COVID-19 and Education: A Local Snapshot from The Gambia
June 16, 2020
The pandemic has created serious difficulties to education around the world, but particularly for low-income families in The Gambia.
The compound where my parents live with 11 other tenants is home to several school-age children. Their parents are small business owners and constantly work, so my return home to The Gambia in April, after studying and working abroad, was greeted with relief. My parents and neighbors all welcomed me and thought I would organize classes for my cousins and include all the kids in the neighborhood. Indeed, some of the neighbors came to me to formally request that I organize classes, but I had to say no. I could see the disappointment in their faces, and I understood. They want the best for their children. I struggled with my decision, knowing I had to choose between my health and helping these young children with very limited resources. The situation in my compound is very similar to many compounds in the neighborhood and in our nation in general.
The coronavirus pandemic has created serious difficulties to education around the world, but particularly for low-income families in The Gambia. This is true especially if you live in densely populated areas such as Brikama, Serrekunda and the provincial areas where some families are struggling to put meals on the table. The Gambia is one of the world’s poorest nations, ranking 174th out of 189 countries in the 2018 Human Development Index. The poverty rate may explain why The Gambia was already struggling with its educational system, which serves close to 652,000 primary school age children in government and grant aided schools, Madrassas (Arabic for any educational institution, secular or religious) and private schools, before COVID-19 hit.
Under the current lockdown, no one can go out and it seems life as we have known it has come to a standstill. The pandemic has forced the government to issue strict social distancing guidelines. The social distancing policy means schools, markets and places of worship have all been asked to temporarily close to stem the flow of the virus transmission. To keep some level of educational continuity, the government of The Gambia instituted a national TV and radio learning program to be supervised by parents at home. However, in a family where both parents are lacking formal education, they may not have a TV, and access to electricity is entirely unstable. This makes distance learning under parents’ supervision inefficient and ultimately, ineffective. This is the situation most families are enduring in The Gambia.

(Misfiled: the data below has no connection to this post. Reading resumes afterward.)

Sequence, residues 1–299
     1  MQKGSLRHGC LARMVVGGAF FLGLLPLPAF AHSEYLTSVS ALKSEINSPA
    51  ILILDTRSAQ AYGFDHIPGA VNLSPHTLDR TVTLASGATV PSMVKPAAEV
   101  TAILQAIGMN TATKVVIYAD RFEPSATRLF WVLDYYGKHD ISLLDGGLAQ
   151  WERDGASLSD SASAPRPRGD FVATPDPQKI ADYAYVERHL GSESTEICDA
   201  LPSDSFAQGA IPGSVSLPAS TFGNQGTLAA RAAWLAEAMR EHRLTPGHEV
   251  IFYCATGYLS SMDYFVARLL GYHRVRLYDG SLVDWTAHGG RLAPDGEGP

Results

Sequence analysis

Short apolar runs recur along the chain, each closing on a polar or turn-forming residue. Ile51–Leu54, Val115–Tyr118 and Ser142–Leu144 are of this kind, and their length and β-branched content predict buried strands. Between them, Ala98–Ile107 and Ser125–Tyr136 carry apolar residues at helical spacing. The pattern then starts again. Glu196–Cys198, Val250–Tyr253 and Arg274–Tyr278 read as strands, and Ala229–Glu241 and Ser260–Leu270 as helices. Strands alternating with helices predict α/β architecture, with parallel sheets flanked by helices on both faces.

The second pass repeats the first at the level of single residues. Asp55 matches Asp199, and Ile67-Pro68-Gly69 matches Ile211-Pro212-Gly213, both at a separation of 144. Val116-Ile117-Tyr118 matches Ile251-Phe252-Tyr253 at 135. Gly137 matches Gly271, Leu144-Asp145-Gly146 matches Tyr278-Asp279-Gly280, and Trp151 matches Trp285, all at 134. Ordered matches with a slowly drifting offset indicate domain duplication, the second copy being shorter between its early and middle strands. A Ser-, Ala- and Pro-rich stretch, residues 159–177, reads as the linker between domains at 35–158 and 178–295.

According to a local teacher, “the system the government implemented can only work effectively if all parents are educated and are directly participating in their children’s education.” The Gambia adult literacy rate was 50.78 percent in 2015 and not much has changed in the past five years. Most Gambian parents exclusively rely on teachers to deliver education to children, and with the current pandemic that situation has become impossible. Despite the lockdown, many students are out and about roaming the streets. Brikama Town, my neighborhood, is a good example of that, where kids are playing in the street or at nearby football fields, playing soccer.
Additionally, the school system primarily focuses on keeping students busy to avoid having them become involved in criminality and other societal vices. “We used Dara (Quranic schools) and the school system to keep our children busy, but since both are closed due to the coronavirus, we don’t have many alternative choices,” said Lamin Fadera, public health officer with the Ministry of Health.
One of the main reasons the Education Ministry went with the plan to teach on television is the realization that students are avid TV watchers. This approach has proven less effective than it could be. Lack of development in some areas, including the number of households without TV and electricity, has been a constant challenge and it fails to reach those families who are most in need. In urban areas, which are generally better equipped and have better access to electricity, they too suffer from a lack of appropriate technology, and students are quickly losing interest in learning. The effectiveness, usefulness and outreach of the teaching methods to support poor families in rural areas, where electricity is not available or not stable, is even more questionable. In a recent discussion with a parent I heard a hard truth: “When you cannot put enough food on the table for the family, do you think of buying a smartphone/laptop or internet? Absolutely not.”
While this is a challenging period for families, there are still some students—mostly in private schools—who continue to have access to quality education despite the ongoing health pandemic. COVID-19 has exposed the greatest weaknesses and inefficiencies in our education system, and it is a common challenge around the world—equity.
Equitable access to education is not something new. In fact, The Gambia has faced the same challenges for almost four decades, as have so many other nations. Aside from access and quality issues, if we are to move forward and innovate, school lessons need to be made relevant to students’ interests. Curricula must capture their imaginations and give them a reason to want to learn. Greater investment is needed in technology, the hiring and training of skilled teachers and the overall quality of the school system must be addressed if it is to prepare Gambian children for the future. If we do not take the opportunity to build back better now, when will we ever do so?